Perforations: from simple rounds, squares, slots, hexagons, to the more elaborate textured, embossed and even image transfer perforating Sheets or coils are fed into the perforating press. All scrap generated from the punching process is recycled. Most malleable materials can be perforated with mild steel, aluminium and stainless steel being the most common. However, more fashionable, precious metals such as brass, copper, gold and even platinum or titanium can all be turned into perforated metal. AMICO products can be anodized, powder coated or galvanized to help protect and add color to our base materials.

SF Federal Building_Morphosis


Amico_New Museum_NYC_SAANA


SF Federal Building_Morphosis


During the night, the BAS opens the windows to flush out heat buildup and allows the nighttime air to cool the building's concrete interior. Throughout the day the thermal mass of the exposed concrete columns, shear walls and wave-form ceilings help cool the occupants of the building.

SF Federal Building_Morphosis


SF Federal Building_Morphosis


SF Federal Building_Morphosis


Phare Tower_Morphosis


Phare Tower_Morphosis


Phare Tower_Morphosis


Part of the redevelopment of Paris' La Defense commercial district, the 1,000 foot tall 68 storey office building (just a little less than the Eiffel Tower), is slated for completion in 2015. The design features a 200 foot tall atrium, wind turbines and a high-performance double skin - designed to minimize solar overheating.

Phare Tower_Morphosis


Phare Tower_Morphosis


Phare Tower_Morphosis


the building will appear to have a web-like skin, draped over its organically shaped undulating form, with the gauze effect of a hairnet. On closer inspection the forms will appear more vibrant with massive crisscrossing steel beams supporting a perforated metal surface.

Phare Tower_Morphosis


Phare Tower_Morphosis


The tower will employ a secondar y skin as a passive sunscreen layer, t hough not t hrough a conventional double glazed façade.T im Christ, t he principal for Morphosis on t he Phare Tower project, said t hat component is still in t he researc h phase. “It ’s what we call a high per formance exterior envelope.” The intention is to take as muc h of t he solar gain of f t he glass and still preser ve all of t he views to t he exterior. The metallic skin will act as a sunscreen on t he sout h, east and west elevations.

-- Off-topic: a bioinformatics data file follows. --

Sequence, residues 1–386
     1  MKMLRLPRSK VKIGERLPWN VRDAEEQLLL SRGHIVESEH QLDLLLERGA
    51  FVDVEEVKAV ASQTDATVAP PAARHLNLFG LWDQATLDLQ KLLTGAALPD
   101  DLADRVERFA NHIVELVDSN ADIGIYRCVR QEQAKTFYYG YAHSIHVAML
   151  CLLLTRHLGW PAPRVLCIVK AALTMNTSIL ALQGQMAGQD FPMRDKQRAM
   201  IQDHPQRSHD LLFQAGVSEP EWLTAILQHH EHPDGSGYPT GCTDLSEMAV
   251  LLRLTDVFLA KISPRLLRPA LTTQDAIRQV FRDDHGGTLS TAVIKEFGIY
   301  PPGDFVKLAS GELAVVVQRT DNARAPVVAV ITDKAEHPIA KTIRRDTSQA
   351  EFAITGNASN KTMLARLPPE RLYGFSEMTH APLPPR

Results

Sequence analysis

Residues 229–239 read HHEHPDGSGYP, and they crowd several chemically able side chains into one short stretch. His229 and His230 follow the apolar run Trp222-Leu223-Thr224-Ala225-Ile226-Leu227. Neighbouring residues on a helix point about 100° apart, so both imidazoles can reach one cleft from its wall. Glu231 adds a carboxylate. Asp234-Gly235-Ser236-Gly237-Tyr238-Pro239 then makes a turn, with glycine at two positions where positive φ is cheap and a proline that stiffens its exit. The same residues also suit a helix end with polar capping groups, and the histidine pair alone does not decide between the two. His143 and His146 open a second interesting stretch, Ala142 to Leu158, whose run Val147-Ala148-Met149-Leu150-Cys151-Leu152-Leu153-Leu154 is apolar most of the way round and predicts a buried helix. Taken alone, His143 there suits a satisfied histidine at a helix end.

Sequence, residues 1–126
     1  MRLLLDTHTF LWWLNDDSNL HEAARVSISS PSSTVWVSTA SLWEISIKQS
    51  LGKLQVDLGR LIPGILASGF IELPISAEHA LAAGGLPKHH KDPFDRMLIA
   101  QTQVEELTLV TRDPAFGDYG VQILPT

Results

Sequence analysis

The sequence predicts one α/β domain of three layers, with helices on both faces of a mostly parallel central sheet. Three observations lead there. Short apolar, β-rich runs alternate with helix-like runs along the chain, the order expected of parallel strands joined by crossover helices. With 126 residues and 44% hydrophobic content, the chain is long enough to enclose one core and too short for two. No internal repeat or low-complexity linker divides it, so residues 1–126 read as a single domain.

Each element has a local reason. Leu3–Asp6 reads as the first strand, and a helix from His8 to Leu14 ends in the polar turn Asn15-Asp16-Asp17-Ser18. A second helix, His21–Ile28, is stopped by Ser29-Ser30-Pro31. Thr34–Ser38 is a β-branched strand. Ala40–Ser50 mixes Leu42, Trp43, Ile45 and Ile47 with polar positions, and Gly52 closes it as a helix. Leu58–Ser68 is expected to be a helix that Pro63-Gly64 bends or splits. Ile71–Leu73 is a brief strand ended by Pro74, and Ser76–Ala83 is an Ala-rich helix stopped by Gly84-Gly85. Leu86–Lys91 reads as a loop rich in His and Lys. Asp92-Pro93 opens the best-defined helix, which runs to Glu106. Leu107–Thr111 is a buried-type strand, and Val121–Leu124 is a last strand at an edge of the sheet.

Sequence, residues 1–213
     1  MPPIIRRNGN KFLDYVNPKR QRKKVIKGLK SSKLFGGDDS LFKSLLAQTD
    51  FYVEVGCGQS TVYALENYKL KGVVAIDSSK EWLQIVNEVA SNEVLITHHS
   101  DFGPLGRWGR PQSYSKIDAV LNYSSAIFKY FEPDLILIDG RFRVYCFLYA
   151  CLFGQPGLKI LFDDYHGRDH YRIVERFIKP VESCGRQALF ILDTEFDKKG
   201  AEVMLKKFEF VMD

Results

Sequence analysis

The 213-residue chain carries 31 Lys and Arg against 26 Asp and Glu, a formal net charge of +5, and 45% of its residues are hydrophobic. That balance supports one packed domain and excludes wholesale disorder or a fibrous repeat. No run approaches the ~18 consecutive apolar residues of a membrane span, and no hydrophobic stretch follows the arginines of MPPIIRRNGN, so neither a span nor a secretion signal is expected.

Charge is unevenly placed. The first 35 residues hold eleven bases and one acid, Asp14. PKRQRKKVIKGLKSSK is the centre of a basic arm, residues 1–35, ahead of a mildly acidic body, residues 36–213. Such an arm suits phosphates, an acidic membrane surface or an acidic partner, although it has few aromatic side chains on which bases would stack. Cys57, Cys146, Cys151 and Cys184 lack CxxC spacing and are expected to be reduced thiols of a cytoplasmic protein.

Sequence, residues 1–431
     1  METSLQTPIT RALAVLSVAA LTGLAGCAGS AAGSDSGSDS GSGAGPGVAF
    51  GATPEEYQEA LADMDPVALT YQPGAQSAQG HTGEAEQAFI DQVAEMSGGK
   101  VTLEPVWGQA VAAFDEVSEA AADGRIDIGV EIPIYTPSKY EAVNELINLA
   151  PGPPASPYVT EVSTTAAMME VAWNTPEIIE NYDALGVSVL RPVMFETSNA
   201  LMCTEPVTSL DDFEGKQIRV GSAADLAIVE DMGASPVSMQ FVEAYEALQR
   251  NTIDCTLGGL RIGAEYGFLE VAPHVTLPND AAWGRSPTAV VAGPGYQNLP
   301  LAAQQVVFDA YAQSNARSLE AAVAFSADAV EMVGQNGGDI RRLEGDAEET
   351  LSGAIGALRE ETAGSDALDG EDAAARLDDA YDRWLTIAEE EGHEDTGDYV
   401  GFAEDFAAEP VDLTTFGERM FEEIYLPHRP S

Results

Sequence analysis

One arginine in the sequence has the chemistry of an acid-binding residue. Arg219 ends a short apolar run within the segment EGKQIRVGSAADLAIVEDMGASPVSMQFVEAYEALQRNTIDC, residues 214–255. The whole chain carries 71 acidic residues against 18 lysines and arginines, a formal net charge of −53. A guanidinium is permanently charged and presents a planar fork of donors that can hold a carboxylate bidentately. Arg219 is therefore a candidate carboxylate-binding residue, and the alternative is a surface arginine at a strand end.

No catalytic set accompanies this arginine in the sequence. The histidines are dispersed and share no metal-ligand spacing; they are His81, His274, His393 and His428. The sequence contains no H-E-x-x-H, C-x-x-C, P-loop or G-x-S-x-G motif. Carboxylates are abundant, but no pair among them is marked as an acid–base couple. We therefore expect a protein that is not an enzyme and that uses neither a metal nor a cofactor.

Phare Tower_Morphosis


Phare Tower_Morphosis


Phare Tower_Morphosis


The complex structure and skin adapt to the tower’s nonstandard form while simultaneously responding to a range of complex, and often competing, physical and environmental considerations. Technologies integrated into the Phare Tower capture the wind for the production of energy and selectively minimize solar gain while maximizing glare-free daylight. Its highperformance skin transforms with changes in light, becoming opaque, translucent, or transparent from different angles and vantage points.

Phare Tower_Morphosis


Mayne says it will be, “a prototype for a green building with a wind farm generating its own heating and cooling for five months of the year and a movable ‘double skin’ to cut the heat from direct sunlight…”

A visually distinctive wind farm crowns the tower and provides clean, alternative energy to power the fans that activate the building’s natural ventilation system. This fully selfsufficient system will cool the building for half of the year without using any outside energy sources or any supplemental heating or cooling. A metaphorical garden in the sky, this crown of wind turbines harvests energy and provides a powerful symbol of committed environmental stewardship.


The team is experimenting wit h a number of exterior shading devices, including per forated metal screens, to balance how muc h daylight t hey allow into t he space wit hout contributing to t he heat-load; t he most likely candidate is a woven stainless-steel product produced in Germany on large looms.

Phare Tower_Morphosis


Traditionally, for optimal sun shading, brise soleil louvers are angled perpendicular to t he direction of t he sun’s pat h, as calculated on t he summer solstice. Yet t he complexity of t he tower ’s cur ving east-, west-, and sout h-facing facades, combined wit h t he diagonal orientation of t he panels, requires a unique angle for eac h of t he f ive t housand stainless steel mesh panels to ac hieve optimal sun shading.

Phare Tower_Morphosis


The team is experimenting wit h a number of exterior shading devices, including per forated metal screens, to balance how muc h daylight t hey allow into t he space wit hout contributing to t he heat-load; t he most likely candidate is a woven stainless-steel product produced in Germany on large looms.

Phare Tower_Morphosis


A curvilinear second skin of diagonal stainless steel mesh panels wraps the tower’s continuous south, east, and west glazed façades to minimize heat gain and glare and maximize energy efficiency.

Phare Tower_Morphosis


Both the form and the orientation of the building respond to the path of the sun; the south façade’s curvilinear double skin minimizes heat gain and glare, while the flat, clear-glazed north façade maximizes interior exposures to year-round natural daylight. A brise soleil wraps the tower’s continuous South, East, and West glazed façades. This double-membrane façade system improves both energy efficiency and worker comfort, by reducing the solar heat gain and minimizing glare, while maintaining panoramic views and affording natural light to the office spaces.

Phare Tower_Morphosis


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2/18/13 5:01 PM

Materials Library Registration

Southern Polytechnic State University Your school email address will be your Username. You will need to check your email as part of the registration process. Email Password Confirm Password